Friday, October 24, 2008

MEMORIES OF BAPTISM

by Kristine John

***My 4th child will be baptized tomorrow. I found this as I was looking for something I'd already written to post today, and thought it was appropriate for the state of mind I am in.***


You know, it just wasn’t fair. I had wrestled with myself all night to try and work up the courage to walk down the long, sloping hill to one of the gardens in my grandparent's backyard. I knew that I needed someone to baptize me soon, and I decided I wanted my grandfather to be the one to actually baptize me. Making that decision was the easy part, and it wasn't what scared me, the part that scared me was the fact that my mother insisted that I ask Grandpa myself that scared me.

I was never afraid of Grandpa, but for some reason, this was awkward, odd, and yes, even downright scary. My father had baptized my brother just 18 months before and yet, due to my parents divorce, he was now gone, and I had to find someone else to do the job that he would have done had he still been in our home. I was such a shy girl, that talking to an adult about something important was intimidating to me. However, I knew that in order to actually get to be baptized, I would need to get past my fear, and just ask.

I don’t remember that hill leading to the lower garden ever being so long. As I walked down the dirt slope, I pondered on the many thoughts running through my head: What if he said no? What would it be like to actually go under the water? Did I really have to be baptized on the same day as all of the other kids in the Stake? My brother had been the only one baptized on the day he was baptized, could I have my own baptism too? Finally I reached Grandpa, working in the garden, and before I lost my nerve, blurted out the words “Will you baptize me?” I don’t remember his exact reply, but I know he was very reassuring, and yes, even willing to perform this very important ordinance for me.

The evening of my baptism soon arrived. I put on my white eyelet dress and rubbed my fingers on the velvety ribbon that went around the waist. I loved that soft feeling against my fingertips. I felt very pretty with my hair twisted into two braided buns on the sides of my head.

I don’t remember feeling that my baptism night was really mine. The talks at the service were given by friends or relatives of some of the other 9 or 10 children getting baptized that night. The Primary songs were songs I knew, but none of them were ones that I had chosen. My birthday was late in the month, and so I was one of the last ones to actually be baptized. My excitement about the actual baptism ordinance was real. I knew that I wanted to be clean, and never make any mistakes ever again, and I knew that by being baptized, I would have the opportunity to start over with all of my sins washed away.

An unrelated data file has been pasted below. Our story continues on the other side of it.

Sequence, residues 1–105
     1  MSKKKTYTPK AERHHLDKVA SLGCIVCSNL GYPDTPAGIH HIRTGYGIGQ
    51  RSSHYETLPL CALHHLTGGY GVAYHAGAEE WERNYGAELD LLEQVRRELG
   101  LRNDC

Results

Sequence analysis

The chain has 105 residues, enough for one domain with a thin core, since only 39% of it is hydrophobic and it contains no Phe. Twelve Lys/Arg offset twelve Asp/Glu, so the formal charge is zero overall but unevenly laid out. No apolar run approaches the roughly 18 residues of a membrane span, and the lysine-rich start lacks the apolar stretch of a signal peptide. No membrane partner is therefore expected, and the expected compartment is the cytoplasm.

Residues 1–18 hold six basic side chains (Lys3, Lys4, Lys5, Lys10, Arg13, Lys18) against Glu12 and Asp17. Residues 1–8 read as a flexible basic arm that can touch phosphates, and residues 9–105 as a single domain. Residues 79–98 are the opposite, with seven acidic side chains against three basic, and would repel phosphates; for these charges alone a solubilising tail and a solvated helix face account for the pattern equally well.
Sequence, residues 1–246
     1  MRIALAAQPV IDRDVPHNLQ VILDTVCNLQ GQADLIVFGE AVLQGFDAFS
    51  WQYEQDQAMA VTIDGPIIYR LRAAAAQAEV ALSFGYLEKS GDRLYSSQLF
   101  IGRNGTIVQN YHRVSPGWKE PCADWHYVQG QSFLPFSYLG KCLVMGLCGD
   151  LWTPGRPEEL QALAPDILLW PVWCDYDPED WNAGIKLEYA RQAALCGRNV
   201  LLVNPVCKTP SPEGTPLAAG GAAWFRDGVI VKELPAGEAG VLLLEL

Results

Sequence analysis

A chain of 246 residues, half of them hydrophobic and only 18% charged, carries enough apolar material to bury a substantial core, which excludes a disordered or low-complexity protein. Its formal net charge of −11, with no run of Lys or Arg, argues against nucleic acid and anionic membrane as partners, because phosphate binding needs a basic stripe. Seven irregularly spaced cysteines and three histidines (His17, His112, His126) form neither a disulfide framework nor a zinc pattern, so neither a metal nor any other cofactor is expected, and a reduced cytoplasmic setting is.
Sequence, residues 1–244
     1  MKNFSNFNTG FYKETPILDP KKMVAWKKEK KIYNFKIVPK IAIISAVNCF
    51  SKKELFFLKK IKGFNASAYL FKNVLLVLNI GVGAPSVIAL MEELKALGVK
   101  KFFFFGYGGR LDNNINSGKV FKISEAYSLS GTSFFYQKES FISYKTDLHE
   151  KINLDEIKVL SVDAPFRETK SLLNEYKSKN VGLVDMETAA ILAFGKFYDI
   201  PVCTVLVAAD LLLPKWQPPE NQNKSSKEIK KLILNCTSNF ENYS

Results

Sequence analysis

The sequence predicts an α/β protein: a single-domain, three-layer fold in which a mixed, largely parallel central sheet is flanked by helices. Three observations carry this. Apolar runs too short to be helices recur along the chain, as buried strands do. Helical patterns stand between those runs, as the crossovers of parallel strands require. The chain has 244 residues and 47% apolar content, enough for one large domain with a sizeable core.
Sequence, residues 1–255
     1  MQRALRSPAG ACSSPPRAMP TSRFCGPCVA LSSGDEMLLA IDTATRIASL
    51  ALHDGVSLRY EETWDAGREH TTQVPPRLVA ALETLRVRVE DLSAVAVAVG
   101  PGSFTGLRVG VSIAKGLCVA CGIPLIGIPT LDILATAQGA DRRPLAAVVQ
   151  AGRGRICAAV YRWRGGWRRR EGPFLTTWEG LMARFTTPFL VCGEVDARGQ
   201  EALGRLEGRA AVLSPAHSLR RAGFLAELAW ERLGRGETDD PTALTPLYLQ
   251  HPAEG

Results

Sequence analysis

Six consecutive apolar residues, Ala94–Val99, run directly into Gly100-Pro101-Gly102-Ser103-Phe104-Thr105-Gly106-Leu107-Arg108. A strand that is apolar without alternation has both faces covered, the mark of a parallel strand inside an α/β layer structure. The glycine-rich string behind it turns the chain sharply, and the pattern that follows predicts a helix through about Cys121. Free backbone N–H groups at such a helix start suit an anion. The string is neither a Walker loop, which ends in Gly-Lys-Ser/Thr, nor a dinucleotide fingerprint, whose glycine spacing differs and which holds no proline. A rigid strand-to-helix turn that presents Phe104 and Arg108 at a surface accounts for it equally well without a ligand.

I loved the feeling I had when I came up out of the water. I felt warm and happy, and I knew that my decision was a good one. I was confirmed the next day, in Sacrament meeting. I never did understand as a child that by renewing my baptismal covenants on a weekly basis, the ordinance of the sacrament could actually help me become as clean as the night of my baptism . How I wish I had been more spiritually prepared for such an important event.

However unprepared I actually was for the event, I do know a few things in regards to the decision I made that day. It was my decision. My mother did not force me, or automatically expect me to be baptized. She actually let me choose whether or not that was what I wanted. I knew that I felt good and right making this choice, and that I wanted to follow Jesus. I knew that no matter who baptized me, it was the same in Heavenly Father’s eyes, and that I would be washed clean. As an adult, I am so grateful for this particular decision I made as a young child, the decision to go forward in faith, and make a positive impact on my future and my life.

4 comments:

  1. What a wonderful memory, Kristine! Isn't it wonderful to watch our own children make these great choices that you know will have that same positive impact on their lives? How exciting for you. Thank you for sharing your beautiful testimony.

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  2. It's a wonderful day when your children--grand and great-grandchildren are baptized. Thank you for sharing, and reminding us. Were you baptized in St. Johns? Ryan Brower (who married my granddaughter) will be moving up there next week.

    I wonder if anyone ever forgets their own baptism day. However, I have to ask my kids and grandkids about theirs, because my memory gets dim there.

    I was baptized in a large irrigation canal about a quarter of a mile downstream from where it was channeled off from the Snake River in Idaho. The water was cold that early September, but so what? Mother said I smiled all the way--even under water.

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  3. I love hearing stories about children who were baptized. As a convert, I was 17 and it was very much my own choice as my parents weren't all that happy about it, being of other religions. There's just something about a child's perspective that is so sweet and touching. Thanks for sharing.

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  4. Bless your heart, Kristine, I understand how hard it is for a shy child to speak up about things close to the heart. What a brave little soul you were to step up and speak out.

    Thanks for the memory.

    Liz

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